Archeologists have discovered a 4,400-year old tomb located just outside the Egyptian capital of Cairo, near the world-famous pyramids at the Giza plateau.
The tomb, which was unveiled to the media on Saturday, was found at Giza’s western necropolis which houses a number of tombs that dates back to the Old Kingdom. The large complex consists of ancient monuments, including the giant pyramids and the Sphinx.
Archeologists believe that the tomb belongs to a woman known as Hetpet, a priestess of the Egyptian goddess of fertility Athor. She is also believed to have had close ties to the ancient kings from Egypt’s 5th Dynasty.
The tomb is built from mud bricks that form walls, where various paintings can be found. The wall paintings are in very good condition, and they include illustrations depicting Hetpet observing various hunting and fishing scenes.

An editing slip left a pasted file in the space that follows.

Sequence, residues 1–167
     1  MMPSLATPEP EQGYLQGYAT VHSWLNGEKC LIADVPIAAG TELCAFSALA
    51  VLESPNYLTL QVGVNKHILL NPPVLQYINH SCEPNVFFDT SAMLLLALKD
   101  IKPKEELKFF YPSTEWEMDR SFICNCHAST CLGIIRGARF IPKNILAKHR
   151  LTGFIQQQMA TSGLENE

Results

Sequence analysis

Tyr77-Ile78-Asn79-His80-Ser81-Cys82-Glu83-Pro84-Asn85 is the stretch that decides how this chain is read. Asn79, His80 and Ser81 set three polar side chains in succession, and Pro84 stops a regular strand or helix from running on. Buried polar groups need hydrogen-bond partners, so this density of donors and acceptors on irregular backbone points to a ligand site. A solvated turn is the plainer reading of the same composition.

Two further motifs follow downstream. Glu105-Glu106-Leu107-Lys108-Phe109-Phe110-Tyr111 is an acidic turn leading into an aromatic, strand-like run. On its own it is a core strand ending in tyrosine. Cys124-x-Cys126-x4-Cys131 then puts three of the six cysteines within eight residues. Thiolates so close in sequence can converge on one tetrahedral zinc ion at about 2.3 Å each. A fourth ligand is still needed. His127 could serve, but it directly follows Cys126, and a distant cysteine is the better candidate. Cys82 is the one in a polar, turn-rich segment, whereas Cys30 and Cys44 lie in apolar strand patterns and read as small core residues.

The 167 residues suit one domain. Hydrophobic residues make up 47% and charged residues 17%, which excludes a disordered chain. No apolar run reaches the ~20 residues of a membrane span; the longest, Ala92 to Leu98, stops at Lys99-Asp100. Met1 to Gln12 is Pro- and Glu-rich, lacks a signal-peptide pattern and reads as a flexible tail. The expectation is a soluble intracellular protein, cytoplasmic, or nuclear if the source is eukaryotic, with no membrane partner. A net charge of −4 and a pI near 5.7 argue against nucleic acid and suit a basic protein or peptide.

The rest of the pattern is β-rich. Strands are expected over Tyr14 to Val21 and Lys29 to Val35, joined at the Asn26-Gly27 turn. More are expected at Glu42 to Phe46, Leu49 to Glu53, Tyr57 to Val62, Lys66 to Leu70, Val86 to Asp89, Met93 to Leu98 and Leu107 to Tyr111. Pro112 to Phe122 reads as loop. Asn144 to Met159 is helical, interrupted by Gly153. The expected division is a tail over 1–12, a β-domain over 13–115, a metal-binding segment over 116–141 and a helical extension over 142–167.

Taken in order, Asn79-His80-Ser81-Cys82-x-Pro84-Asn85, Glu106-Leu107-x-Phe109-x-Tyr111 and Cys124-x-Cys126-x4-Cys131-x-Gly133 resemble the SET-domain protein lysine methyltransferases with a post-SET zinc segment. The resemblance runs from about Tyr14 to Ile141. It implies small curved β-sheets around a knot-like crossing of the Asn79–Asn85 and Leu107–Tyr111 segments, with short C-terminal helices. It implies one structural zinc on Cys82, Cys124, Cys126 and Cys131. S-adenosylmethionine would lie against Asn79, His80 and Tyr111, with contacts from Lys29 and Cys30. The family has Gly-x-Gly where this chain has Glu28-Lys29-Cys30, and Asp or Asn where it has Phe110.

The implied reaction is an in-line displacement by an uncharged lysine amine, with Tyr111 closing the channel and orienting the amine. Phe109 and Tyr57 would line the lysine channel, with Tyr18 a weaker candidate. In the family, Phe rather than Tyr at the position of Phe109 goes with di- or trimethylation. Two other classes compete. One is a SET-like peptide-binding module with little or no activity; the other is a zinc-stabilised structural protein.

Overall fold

Other scenes depicted on the tomb wall include a monkey picking fruit, with another one showing a monkey dancing before an orchestra. During the time of pharaohs in Egypt, monkeys were commonly kept as domestic animals.
Hetpet is a known figure from ancient Egypt, with a number of artefacts belonging to her previously found near the site of her newly discovered tomb. The first fragments of her relics were discovered in the area back in 1909 and were moved to a museum in Germany.
The archaeological mission that made the discovery began excavating in the area in October. Various discoveries have been made near the site of Hetpet’s tomb since the19th century, but Mostafa al-Waziri, the head of the archaeological mission, believes that there is still more waiting to be found.
“This is a very promising area. We expect to find more,” Al-Waziri said. “We have removed between 250-300 cubic meters of layers of earth to find the tomb.”
He also added that “what we see above the earth’s surface in Egypt doesn’t exceed 40 percent of what the core holds.”